Böck's thematic starting point is the deliberate neglect, since the Enlightenment, of the importance of Egyptian culture for the development of the western world, in favor of an origin myth that anchors the birth of the western world in the Greco-Roman tradition. His film points to the ambiguous role of photography in relation to the dissemination of archaeological and art historical findings, and to the complex mechanisms of inclusion and exclusion that support an homogeneous and linear writing of history.

On an aesthetic level, in Fünf Skulpturen… Böck plays with the correlations between photography and film as well as the basic conditions of artistic film within the context of fine art. The most notable references to photography are the lack of audio, the static shots, and the extremely slow cutting. The editing borrows from structural film in its adherence to a strict grid, and the lack of audio shifts the attention entirely to the image level. The decision to shoot on color material in a film which initially looks black-and-white, is a reflection on the visual characteristics and historical uses of analogue film and photographic technology in the age of digital cinematography.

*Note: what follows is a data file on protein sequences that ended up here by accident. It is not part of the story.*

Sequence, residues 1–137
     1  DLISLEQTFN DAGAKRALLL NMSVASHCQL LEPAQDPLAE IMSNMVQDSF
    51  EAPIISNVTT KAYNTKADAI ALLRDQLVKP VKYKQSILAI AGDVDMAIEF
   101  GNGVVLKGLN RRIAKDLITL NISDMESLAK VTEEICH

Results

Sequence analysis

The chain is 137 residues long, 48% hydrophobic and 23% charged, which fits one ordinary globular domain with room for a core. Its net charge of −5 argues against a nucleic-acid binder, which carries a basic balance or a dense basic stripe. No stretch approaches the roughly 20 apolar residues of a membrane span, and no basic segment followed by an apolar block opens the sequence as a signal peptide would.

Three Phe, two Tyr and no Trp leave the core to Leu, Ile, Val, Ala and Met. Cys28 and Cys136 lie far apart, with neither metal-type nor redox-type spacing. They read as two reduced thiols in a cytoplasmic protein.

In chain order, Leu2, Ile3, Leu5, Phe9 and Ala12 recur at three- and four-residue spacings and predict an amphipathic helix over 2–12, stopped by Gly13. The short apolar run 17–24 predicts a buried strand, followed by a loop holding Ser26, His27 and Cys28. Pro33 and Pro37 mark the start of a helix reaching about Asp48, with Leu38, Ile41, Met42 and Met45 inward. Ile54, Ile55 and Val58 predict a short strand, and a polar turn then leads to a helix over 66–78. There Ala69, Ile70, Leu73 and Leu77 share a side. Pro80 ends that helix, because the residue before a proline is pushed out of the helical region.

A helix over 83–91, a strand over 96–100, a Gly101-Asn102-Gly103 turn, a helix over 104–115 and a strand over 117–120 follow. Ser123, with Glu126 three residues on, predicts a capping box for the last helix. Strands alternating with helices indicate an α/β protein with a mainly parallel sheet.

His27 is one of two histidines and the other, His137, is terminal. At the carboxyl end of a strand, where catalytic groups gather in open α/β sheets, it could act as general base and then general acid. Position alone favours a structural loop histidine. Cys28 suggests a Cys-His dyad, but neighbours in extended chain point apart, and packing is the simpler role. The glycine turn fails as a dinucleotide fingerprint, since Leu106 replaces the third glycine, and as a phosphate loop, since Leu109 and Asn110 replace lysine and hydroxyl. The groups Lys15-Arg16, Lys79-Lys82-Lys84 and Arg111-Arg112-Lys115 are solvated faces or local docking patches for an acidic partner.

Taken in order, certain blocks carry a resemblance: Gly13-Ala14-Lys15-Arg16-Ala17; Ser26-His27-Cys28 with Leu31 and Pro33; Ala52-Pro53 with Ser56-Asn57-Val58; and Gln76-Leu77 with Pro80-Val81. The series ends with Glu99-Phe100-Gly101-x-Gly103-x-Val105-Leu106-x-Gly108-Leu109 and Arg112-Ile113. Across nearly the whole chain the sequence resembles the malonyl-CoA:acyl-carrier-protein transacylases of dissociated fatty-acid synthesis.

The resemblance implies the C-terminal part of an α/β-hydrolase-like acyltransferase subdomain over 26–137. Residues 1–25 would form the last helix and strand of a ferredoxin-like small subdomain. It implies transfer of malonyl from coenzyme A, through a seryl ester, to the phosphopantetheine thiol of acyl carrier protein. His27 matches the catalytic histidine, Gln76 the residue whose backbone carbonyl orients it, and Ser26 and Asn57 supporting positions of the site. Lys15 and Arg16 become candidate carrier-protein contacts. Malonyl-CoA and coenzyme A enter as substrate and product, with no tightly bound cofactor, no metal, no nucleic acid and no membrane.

A third factor, in addition to the cross-references with regard to the aesthetics and content of the film, is its presentation as a loop in a black box. The way films are presented in the exhibition space is an integral part of film art and thus critically important. This black box, an architecturally ambiguous construction of black fabric stretched on a frame, creates an illusionistic, hypnotic viewing space. It also contains the cinematic apparatus and serves to make the room behind it disappear. Although Böck has created an illusionistic space in which to show Fünf Skulpturen..., the film demands active participation from the viewers, who have to decide for themselves how far they are prepared to enter the work and attempt to decipher it.